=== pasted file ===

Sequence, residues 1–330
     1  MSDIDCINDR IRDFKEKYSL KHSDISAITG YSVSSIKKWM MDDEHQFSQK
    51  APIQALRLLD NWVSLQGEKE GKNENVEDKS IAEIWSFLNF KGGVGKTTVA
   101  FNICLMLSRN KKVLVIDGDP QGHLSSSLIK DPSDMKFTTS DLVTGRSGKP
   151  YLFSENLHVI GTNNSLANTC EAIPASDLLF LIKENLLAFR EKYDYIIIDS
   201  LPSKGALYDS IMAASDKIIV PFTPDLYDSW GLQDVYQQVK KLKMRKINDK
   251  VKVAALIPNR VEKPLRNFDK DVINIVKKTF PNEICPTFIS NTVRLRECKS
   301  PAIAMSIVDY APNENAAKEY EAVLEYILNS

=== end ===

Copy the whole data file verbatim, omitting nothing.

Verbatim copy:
Sequence, residues 1–330
     1  MSDIDCINDR IRDFKEKYSL KHSDISAITG YSVSSIKKWM MDDEHQFSQK
    51  APIQALRLLD NWVSLQGEKE GKNENVEDKS IAEIWSFLNF KGGVGKTTVA
   101  FNICLMLSRN KKVLVIDGDP QGHLSSSLIK DPSDMKFTTS DLVTGRSGKP
   151  YLFSENLHVI GTNNSLANTC EAIPASDLLF LIKENLLAFR EKYDYIIIDS
   201  LPSKGALYDS IMAASDKIIV PFTPDLYDSW GLQDVYQQVK KLKMRKINDK
   251  VKVAALIPNR VEKPLRNFDK DVINIVKKTF PNEICPTFIS NTVRLRECKS
   301  PAIAMSIVDY APNENAAKEY EAVLEYILNS